IN THE UNITED STATES DISTRICT COURT FOR THE NORTHERN DISTRICT OF ILLINOIS EASTERN DIVISION
August 27, 2007
JOSE MARQUEZ, INDIVIDUALLY AND ON BEHALF OF ALL PERSONS SIMILARLY SITUATED, PLAINTIFFS,
PARTYLITE WORLDWIDE, INC., DEFENDANT.
The opinion of the court was delivered by: Judge Virginia M. Kendall
MEMORANDUM OPINION AND ORDER
Plaintiff Jose Marquez alleges that he and other similarly situated employees of Defendant PartyLite Worldwide, Inc. were wrongfully denied overtime pay when PartyLite misclassified them as "exempt" employees to avoid federal and state overtime laws. Plaintiff asserts his claims under the Illinois Minimum Wage Law ("IMWL"), 820 ILCS 105/1 et seq., the Fair Labor Standards Act ("FLSA"), 29 U.S.C. § 201 et seq., and the state common law remedies of quantum meruit and unjust enrichment. Defendant now moves to strike Plaintiff's class allegations related to his IMWL claim pursuant to Rule 12(f), and to dismiss Plaintiff's quantum meruit and unjust enrichment claims pursuant to Rule 12(b)(6).
Because the FLSA does not expressly preclude class relief for wage claims brought under other statutes, Plaintiff's class allegations related to his IMWL claim are not "immaterial matters" that should be stricken under Rule 12(f). However, given the history of the FLSA and Rule 23, any class that does not follow the procedures set forth in § 216(b) of the FLSA is not likely to meet Rule 23's superiority requirement. As to Plaintiff's quantum meruit and unjust enrichment claims, Rule 8(e)(2) permits a party to plead alternative, even inconsistent, theories of relief. Thus, although Plaintiff's state common law claims are based upon the same facts as his FLSA claim, dismissal under Rule 12(b)(6) is not appropriate.
Standard of Review
When considering a Rule 12(b)(6) motion, the court must accept as true all the allegations in the complaint and construe all reasonable inferences in favor of the plaintiff. Murphy v. Walker, 51 F.3d 714, 717 (7th Cir. 1995). In order to state a claim, a plaintiff must allege facts that plausibly suggest he is entitled to relief. Bell Atlantic Corp. v. Twombly, 127 S.Ct. 1955, 1965 (2007). Rule 12(f) provides that a "court may order stricken from any pleading any insufficient defense or any redundant, immaterial, impertinent, or scandalous matter."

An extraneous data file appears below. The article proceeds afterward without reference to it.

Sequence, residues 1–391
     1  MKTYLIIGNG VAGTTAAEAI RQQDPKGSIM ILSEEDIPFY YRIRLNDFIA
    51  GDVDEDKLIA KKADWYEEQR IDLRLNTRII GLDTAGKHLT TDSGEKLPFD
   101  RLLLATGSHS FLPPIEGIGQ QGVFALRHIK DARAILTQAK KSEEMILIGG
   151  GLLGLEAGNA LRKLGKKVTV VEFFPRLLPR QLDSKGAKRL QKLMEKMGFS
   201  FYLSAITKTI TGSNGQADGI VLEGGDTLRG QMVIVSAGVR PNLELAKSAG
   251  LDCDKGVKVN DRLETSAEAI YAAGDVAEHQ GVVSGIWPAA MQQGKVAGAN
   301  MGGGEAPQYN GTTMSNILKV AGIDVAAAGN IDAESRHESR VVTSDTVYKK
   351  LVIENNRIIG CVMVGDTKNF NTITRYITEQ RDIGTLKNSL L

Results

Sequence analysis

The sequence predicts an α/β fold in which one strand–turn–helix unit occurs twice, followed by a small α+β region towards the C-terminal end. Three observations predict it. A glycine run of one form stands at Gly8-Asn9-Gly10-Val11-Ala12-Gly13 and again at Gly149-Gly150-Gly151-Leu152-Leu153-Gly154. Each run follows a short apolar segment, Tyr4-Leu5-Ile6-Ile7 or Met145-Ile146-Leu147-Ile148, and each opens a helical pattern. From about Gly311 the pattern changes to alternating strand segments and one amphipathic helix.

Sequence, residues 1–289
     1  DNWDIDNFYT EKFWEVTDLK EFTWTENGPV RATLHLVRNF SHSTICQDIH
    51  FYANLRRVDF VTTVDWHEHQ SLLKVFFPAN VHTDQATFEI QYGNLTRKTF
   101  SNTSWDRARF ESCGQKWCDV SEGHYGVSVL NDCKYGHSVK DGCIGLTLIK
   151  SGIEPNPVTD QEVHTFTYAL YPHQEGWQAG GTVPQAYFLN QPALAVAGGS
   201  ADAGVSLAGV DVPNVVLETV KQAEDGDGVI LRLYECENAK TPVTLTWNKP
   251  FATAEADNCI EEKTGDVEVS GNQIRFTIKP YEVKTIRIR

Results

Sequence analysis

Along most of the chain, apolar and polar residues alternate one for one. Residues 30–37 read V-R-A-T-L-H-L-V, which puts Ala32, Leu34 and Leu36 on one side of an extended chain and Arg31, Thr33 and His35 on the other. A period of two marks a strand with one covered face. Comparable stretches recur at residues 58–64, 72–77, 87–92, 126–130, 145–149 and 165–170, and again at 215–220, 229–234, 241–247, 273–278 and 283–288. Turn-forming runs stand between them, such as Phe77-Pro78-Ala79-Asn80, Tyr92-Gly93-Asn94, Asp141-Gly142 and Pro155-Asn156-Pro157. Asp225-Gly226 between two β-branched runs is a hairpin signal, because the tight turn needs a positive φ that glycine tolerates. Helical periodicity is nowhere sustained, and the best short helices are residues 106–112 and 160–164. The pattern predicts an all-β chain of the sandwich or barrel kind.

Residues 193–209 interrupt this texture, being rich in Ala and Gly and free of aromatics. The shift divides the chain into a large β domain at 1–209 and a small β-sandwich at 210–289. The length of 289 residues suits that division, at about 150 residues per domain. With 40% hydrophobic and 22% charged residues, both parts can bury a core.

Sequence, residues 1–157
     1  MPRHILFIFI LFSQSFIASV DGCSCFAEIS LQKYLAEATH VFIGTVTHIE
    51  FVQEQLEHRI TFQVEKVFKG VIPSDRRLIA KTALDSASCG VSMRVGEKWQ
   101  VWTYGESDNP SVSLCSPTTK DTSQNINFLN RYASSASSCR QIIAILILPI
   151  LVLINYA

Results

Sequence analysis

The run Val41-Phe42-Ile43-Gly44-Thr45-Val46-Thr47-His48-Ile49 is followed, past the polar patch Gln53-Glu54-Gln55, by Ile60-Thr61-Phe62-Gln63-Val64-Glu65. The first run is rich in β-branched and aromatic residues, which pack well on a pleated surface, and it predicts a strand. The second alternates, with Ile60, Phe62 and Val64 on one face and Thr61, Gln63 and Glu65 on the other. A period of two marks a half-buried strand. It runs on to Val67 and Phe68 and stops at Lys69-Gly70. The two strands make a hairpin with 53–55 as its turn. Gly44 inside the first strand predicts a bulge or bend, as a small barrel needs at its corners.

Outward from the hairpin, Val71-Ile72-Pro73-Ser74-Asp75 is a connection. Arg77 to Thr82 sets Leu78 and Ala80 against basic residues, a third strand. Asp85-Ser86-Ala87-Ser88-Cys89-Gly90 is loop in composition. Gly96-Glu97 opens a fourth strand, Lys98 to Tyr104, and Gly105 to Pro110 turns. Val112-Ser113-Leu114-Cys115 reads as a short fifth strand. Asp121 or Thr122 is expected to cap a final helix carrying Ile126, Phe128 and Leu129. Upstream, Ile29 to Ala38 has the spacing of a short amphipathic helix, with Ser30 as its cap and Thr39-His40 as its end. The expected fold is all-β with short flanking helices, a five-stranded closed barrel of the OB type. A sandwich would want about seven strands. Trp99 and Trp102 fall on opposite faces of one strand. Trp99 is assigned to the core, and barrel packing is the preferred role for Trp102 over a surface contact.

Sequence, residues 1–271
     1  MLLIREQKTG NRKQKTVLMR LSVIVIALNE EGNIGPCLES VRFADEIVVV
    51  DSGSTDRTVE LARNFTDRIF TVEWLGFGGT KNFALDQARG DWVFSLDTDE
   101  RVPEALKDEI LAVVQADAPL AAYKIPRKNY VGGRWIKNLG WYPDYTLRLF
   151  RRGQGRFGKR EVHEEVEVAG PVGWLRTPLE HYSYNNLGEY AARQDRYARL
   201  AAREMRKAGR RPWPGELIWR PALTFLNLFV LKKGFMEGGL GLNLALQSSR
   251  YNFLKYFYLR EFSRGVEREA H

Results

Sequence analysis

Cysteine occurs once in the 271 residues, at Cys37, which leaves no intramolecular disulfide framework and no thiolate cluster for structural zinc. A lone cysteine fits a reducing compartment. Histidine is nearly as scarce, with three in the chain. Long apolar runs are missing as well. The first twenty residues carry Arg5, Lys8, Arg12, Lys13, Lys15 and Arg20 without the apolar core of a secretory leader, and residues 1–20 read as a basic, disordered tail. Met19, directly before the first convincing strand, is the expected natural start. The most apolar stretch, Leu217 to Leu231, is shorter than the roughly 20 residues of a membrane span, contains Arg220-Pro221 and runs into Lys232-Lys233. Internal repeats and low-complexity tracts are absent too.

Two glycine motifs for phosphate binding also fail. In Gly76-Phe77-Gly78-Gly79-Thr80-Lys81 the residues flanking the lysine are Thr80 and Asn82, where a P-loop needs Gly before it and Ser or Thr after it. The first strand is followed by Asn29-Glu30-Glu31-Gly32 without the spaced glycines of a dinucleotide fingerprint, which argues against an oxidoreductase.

The Fair Labor Standards Act of 1938 sets the requirements for minimum wages, overtime pay, equal pay, recordkeeping and child labor standards for covered employees -- in the words of Franklin D. Roosevelt, the FLSA ensures "[a] fair day's pay for a fair day's work." Subject to certain exemptions, the FLSA requires employers to pay their employees at least time-and-a-half for each hour the employee works over forty hours during a week. 29 U.S.C. § 207(a)(1). If an employer violates this provision, an employee may bring "a collective action" on behalf of himself and other employees similarly situated to recover unpaid overtime compensation. 29 U.S.C. § 216(b); see Harkins v. Riverboat Services, Inc., 385 F.3d 1099, 1101 (7th Cir. 2004). The procedures in Rule 23 usually govern class actions in federal court. Under Rule 23(c)(2)(B), an individual becomes a member of the class, and thereby bound by any judgment in the matter, unless he expressly opts-out. See Phillips Petroleum Co. v. Shutts, 472 U.S. 797, 807-09 (1985). The FLSA, in contrast, provides that no employee may join the collective action "unless he gives his consent in writing to become such a party and such consent is filed in the court in which such action is brought." 29 U.S.C. § 216(b). Under this language, members of a collective action opt-in, rather than opt-out, of the class. See King v. General Electric Co., 960 F.2d 617, 621 (7th Cir. 1992); Woods v. New York Life Ins. Co., 686 F.2d 578, 580 (7th Cir. 1982).
I. Motion to Strike Plaintiff's Allegations Related to His State Law Claims